What is Medical Detox?
Detoxing is the process a substance abuser goes through in which they cleanse their body from toxic substances. Essentially, it is the period of abstinence of substance abuse that is needed at the beginning of any addiction treatment program. As a patient goes through this, they will experience multiple symptoms and effects that need to be managed to avoid significant issues.
The detox is essential for the treatment to work for multiple reasons. The first of them is that it might be physically impossible to sit through a session of anything while experiencing withdrawal. The level of discomfort and severity of the symptoms stops a patient from concentrating or doing anything productive. That is why the actual treatment can only start once the patient has completed the detox stage.
Another reason why detox is essential is because of the long-term effects of addiction in the body. If there’s a need for medication to be given during treatment, the body needs to be free of major toxins to avoid serious side effects. But most importantly, detox is necessary because of the chemical and neurological consequences of addiction, which need to be overcome.
The development of addiction is a result of continued misuse of any substance, from pills to alcohol to even prescription medication. The body goes through many changes that can cause a lot of damage to the brain, the nervous system, and other organs that might be involved in the process of absorbing the drug. That could mean the liver, kidneys, heart, lungs, and others.
Once the person is addicted to a certain substance, that means their body relies on it to function normally. Substance abuse produces unusual supplies of hormones and chemicals, and neurotransmitters become dependent on that supply. This is extra dangerous considering how prolonged misuse of these drugs makes the person more tolerant of it. They’d need higher and higher doses to achieve the same effect, risking severe alterations – some, even permanent.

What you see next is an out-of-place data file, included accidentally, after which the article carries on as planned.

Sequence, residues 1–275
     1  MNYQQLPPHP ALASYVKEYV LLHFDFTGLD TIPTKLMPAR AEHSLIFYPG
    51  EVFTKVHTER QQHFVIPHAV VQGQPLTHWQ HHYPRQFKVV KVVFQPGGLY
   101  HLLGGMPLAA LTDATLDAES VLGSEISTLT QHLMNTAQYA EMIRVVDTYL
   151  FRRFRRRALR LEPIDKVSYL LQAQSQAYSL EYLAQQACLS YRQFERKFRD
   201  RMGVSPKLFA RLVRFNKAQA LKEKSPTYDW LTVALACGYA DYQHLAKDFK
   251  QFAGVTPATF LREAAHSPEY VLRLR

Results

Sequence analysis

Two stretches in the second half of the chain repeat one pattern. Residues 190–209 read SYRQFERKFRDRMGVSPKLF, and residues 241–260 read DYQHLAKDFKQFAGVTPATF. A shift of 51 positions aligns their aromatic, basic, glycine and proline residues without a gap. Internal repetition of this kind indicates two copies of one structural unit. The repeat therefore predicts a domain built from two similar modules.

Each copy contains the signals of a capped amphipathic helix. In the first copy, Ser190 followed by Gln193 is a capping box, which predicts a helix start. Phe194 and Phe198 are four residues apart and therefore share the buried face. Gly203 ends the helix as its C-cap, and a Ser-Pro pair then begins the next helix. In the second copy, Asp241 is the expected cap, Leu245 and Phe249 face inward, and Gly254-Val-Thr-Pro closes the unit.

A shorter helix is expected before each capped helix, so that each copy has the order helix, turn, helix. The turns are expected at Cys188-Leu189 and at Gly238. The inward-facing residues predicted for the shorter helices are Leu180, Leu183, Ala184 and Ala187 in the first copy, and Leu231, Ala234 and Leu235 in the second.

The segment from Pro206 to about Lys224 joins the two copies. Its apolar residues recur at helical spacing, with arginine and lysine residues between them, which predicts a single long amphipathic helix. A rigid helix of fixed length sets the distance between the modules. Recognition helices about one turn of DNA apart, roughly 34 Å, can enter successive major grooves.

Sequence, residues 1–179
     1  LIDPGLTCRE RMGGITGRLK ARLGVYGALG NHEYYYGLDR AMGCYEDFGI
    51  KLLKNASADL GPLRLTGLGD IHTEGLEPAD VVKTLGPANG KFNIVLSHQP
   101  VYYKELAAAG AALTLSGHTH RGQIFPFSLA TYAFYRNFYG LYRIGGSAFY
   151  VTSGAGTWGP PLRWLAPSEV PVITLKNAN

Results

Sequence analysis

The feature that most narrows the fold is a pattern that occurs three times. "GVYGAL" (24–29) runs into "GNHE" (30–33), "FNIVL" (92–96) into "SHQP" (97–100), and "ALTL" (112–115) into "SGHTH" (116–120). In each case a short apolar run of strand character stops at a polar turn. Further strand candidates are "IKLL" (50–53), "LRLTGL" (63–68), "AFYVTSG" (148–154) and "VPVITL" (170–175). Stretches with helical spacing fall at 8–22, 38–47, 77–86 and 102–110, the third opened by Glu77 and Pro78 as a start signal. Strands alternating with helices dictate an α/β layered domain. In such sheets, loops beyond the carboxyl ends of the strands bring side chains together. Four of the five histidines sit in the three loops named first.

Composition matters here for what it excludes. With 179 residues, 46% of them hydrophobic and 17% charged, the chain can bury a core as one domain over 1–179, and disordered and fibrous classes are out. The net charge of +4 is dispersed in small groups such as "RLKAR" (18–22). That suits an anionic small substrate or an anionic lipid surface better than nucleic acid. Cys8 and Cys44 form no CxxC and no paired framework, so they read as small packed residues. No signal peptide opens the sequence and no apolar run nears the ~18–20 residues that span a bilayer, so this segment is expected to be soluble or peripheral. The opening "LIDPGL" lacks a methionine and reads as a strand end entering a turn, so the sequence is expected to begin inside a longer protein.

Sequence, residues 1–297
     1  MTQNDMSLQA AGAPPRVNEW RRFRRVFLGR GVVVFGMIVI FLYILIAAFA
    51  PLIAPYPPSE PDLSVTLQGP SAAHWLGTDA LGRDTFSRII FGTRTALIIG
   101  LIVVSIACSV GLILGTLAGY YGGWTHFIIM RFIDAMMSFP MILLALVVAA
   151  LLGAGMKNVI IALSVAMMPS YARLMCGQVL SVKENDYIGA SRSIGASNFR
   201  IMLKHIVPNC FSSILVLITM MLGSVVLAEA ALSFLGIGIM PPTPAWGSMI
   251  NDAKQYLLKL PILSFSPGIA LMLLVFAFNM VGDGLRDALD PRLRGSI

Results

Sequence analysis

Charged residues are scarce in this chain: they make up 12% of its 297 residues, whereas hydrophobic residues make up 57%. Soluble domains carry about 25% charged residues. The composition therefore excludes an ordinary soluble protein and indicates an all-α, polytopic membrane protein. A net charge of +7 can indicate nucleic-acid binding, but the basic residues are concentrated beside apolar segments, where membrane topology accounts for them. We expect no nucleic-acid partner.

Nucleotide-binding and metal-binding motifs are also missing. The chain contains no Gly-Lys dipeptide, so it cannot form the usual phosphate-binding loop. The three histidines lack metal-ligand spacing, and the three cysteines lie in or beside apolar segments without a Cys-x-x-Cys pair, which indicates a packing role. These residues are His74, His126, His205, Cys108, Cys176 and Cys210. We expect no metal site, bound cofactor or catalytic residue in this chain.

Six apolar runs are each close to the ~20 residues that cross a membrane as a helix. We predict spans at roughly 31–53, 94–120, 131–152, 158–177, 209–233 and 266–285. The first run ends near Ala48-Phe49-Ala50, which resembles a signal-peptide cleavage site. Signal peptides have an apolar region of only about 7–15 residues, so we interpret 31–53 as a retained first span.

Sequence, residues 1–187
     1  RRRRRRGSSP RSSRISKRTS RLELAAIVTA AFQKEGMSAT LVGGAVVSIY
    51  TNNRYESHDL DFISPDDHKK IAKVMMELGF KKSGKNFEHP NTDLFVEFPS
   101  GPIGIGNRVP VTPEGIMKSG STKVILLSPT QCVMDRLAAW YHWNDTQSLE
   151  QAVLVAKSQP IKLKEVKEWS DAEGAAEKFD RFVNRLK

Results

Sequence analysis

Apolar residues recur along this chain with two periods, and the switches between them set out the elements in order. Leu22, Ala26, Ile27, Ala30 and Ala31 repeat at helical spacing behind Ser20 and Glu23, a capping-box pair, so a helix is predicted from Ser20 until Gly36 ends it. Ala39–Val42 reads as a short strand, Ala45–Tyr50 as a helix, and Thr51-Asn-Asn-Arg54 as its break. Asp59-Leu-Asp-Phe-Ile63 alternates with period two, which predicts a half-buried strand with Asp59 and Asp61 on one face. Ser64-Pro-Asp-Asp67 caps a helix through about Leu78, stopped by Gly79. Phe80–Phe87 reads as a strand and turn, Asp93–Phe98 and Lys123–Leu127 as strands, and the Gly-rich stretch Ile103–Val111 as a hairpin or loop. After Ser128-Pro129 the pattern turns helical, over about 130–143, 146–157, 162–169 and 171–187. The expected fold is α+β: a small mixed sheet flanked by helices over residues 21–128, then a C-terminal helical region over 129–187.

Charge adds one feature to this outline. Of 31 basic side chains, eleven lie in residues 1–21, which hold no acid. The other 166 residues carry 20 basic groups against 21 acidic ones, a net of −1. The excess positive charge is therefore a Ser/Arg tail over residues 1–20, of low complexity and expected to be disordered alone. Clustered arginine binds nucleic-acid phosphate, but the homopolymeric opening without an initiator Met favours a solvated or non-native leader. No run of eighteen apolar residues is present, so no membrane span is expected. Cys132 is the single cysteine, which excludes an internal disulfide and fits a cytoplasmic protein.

These alterations caused by addiction have to do with areas of the brain that manage judgment, decision-making, self-control, behavior, and many other functions. So it’s no wonder that, once the supply of substance is cut, an addict’s system goes into disarray. These and other functions might become impaired, and that is when the symptoms of detox begin to manifest themselves.
What To Expect From Medical Detox
The first thing most people are concerned about when it comes to detox is the side effects and withdrawal symptoms. Everyone will experience them, on some level, due to the imbalance the body goes through during the abstinence period. The symptoms and the degree of their intensities will depend on multiple factors. Some of them are: the dosage usually taken, how long the person has been misusing substances, genetic factors, health, etc.
When it comes to the specifics, it is hard to say for certain what each patient will experience. The timeline of symptoms varies depending on the substance taken, too. For some short-acting substances, the symptoms might start as early as 6 hours after the last dosage was taken. When it comes to alcohol, that timeframe might be somewhere in the first 12 hours as well.
The types of symptoms experienced are usually related to the nervous and digestive systems. While not all of them are solely linked to them, in general, the most commonly reported ones by recovering addicts are:
- Feeling restless, anxious, and/or nervous
- Experiencing issues related to the digestive system such as nausea, vomiting, and/or diarrhea